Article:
For the first time since his killing of Botar, that teleporting tool of the Toa, Icarax was having a good time.
He had savored the sight of the energy field collapsing and allowed himself a moment to decide just how best to destroy the Codrex and the Toa inside. With that done, Mata Nui could never be awakened and the great Plan of Makuta Teridax would die a quick death. He finally settled on the direct approach: a surge of gravity to crush the structure and its occupants like a madu fruit.
The metal of the Codrex was already starting to buckle with a most satisfying crunching sound. He could imagine the panicked Toa inside, frantically using their powers to try to stave off doom. That might even work for a while, but eventually the power of a Makuta would be too much for them.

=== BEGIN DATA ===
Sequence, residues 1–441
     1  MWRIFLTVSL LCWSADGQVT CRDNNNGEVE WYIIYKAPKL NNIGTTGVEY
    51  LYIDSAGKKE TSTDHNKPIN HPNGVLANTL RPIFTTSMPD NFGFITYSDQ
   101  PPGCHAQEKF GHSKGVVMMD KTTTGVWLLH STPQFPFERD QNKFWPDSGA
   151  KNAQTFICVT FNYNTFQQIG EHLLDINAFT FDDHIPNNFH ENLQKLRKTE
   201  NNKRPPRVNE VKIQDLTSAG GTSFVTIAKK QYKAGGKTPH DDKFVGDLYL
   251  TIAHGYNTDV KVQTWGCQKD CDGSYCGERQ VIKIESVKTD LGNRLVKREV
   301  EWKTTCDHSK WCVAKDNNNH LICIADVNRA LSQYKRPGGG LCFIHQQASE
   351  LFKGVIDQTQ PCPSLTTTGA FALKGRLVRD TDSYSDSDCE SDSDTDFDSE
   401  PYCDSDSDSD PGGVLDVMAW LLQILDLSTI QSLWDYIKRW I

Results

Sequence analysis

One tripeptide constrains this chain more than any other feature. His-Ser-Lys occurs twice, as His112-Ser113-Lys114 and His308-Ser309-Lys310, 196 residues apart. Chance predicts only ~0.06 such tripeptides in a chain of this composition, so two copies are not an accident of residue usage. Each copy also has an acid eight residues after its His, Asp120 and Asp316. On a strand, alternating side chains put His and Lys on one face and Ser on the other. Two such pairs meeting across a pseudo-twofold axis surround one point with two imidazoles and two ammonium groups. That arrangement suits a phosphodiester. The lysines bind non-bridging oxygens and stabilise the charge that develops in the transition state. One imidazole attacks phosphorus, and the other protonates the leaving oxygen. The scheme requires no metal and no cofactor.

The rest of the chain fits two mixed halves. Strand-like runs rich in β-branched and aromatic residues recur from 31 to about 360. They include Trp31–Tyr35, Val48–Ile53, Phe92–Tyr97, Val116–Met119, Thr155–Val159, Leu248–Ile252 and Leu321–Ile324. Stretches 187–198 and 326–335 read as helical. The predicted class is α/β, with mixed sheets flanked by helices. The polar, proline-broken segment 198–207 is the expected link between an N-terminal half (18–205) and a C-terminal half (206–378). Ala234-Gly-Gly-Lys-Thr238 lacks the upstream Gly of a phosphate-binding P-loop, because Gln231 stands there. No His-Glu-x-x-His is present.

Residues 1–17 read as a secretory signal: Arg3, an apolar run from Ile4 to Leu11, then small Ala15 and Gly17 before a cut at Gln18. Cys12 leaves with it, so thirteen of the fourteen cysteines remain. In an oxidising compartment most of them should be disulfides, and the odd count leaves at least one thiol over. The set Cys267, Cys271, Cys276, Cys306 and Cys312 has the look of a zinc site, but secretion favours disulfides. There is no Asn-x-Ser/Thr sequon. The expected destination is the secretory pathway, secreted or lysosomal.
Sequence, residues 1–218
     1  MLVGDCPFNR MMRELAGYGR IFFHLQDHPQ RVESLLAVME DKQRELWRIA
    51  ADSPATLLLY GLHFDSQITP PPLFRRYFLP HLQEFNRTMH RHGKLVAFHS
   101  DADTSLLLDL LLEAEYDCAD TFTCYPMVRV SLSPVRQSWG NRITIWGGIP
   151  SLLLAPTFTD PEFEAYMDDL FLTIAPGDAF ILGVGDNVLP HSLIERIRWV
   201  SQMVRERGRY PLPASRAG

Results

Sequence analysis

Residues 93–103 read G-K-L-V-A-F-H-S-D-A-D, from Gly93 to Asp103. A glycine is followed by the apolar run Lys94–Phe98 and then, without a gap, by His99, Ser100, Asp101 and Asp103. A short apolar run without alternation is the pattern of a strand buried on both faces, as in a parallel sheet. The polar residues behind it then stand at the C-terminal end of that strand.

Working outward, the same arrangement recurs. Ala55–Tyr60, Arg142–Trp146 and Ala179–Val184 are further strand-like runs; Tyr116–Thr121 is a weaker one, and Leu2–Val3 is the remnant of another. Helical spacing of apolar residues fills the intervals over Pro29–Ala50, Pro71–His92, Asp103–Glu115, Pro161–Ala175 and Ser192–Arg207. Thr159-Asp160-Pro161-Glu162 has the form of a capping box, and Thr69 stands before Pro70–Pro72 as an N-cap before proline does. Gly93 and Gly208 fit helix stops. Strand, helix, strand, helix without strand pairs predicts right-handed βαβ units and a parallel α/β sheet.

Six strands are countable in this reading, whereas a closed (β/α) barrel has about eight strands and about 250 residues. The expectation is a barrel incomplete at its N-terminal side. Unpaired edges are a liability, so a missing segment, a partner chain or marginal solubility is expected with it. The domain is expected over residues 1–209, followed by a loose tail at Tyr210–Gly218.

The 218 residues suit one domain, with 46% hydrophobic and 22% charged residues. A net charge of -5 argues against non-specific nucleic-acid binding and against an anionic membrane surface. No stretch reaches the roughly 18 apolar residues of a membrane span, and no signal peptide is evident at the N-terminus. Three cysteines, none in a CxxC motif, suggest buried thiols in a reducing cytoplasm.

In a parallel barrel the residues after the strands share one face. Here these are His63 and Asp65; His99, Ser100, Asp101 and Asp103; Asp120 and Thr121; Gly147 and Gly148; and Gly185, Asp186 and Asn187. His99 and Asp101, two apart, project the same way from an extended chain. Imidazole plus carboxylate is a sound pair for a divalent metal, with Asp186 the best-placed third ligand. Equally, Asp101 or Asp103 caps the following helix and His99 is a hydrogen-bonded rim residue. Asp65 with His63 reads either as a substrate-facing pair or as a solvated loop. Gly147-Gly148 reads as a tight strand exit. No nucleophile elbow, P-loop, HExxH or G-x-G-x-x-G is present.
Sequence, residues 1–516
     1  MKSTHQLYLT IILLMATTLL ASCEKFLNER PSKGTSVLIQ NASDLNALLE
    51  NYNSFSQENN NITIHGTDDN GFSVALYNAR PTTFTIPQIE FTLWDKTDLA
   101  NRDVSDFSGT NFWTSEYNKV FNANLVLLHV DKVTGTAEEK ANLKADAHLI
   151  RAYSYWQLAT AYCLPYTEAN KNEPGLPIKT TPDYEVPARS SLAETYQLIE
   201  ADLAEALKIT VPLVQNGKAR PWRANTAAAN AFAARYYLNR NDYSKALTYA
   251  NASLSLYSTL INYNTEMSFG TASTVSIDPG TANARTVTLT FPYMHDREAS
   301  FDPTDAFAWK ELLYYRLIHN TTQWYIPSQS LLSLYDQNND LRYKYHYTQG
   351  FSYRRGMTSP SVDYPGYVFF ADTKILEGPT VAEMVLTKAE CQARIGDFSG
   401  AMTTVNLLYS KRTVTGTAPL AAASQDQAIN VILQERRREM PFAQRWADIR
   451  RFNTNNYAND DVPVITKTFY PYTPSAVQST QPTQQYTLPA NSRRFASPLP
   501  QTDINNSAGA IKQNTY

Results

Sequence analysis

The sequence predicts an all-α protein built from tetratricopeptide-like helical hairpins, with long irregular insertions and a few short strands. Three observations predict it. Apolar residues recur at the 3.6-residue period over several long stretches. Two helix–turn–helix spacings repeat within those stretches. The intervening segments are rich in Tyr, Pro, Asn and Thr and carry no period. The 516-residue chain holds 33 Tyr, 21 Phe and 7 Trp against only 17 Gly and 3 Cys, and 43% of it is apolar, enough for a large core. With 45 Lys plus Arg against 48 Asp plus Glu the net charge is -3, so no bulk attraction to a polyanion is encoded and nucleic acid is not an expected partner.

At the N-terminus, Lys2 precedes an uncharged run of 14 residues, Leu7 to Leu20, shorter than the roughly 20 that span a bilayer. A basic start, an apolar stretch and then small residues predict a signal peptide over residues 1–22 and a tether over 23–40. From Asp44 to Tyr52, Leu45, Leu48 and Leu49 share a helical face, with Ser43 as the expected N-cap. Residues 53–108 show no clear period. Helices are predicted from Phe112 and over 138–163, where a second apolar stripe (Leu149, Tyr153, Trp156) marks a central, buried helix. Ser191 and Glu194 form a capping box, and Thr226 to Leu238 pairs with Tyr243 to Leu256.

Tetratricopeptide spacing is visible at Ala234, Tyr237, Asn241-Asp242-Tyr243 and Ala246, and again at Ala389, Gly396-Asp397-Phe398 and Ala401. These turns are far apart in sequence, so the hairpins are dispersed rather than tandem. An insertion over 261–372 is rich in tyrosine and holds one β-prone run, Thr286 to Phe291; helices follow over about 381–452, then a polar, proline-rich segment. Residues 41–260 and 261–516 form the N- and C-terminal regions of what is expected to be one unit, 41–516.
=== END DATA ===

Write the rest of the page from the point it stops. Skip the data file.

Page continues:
And then, oh, and then, Mata Nui will sleep forever. Makuta Teridax will be blocked, his grand plan in tatters. If the Brotherhood still wishes for universal domination, they will have to do it my way – with thunder and protosteel.
Icarax increased the output of force. He was impatient to see the Codrex flattened and the matter of Teridax’s leadership settled once and for all. He would be a just ruler, a fair ruler – only a handful of Makuta would have to die horribly for their loyalty to the fallen Teridax. Mounting their Kanohi masks on poles around the fortress of Destral would serve as a warning to anyone else that might show poor judgment in the future.
And speaking of fools, thought Icarax. He had caught the approach of Vamprah and Gorast out of the corner of his eye. This, he decided, was going to be fun.